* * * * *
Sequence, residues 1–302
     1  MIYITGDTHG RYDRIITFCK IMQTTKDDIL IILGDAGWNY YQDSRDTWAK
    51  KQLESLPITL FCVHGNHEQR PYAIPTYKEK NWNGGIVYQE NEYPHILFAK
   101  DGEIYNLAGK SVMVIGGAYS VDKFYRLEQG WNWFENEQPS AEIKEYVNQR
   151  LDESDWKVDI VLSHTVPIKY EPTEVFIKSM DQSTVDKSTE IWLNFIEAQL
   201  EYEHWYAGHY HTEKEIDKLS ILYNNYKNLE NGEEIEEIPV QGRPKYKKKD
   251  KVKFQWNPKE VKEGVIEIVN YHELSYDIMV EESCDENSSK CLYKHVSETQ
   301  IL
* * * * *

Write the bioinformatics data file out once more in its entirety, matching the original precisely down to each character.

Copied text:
Sequence, residues 1–302
     1  MIYITGDTHG RYDRIITFCK IMQTTKDDIL IILGDAGWNY YQDSRDTWAK
    51  KQLESLPITL FCVHGNHEQR PYAIPTYKEK NWNGGIVYQE NEYPHILFAK
   101  DGEIYNLAGK SVMVIGGAYS VDKFYRLEQG WNWFENEQPS AEIKEYVNQR
   151  LDESDWKVDI VLSHTVPIKY EPTEVFIKSM DQSTVDKSTE IWLNFIEAQL
   201  EYEHWYAGHY HTEKEIDKLS ILYNNYKNLE NGEEIEEIPV QGRPKYKKKD
   251  KVKFQWNPKE VKEGVIEIVN YHELSYDIMV EESCDENSSK CLYKHVSETQ
   301  IL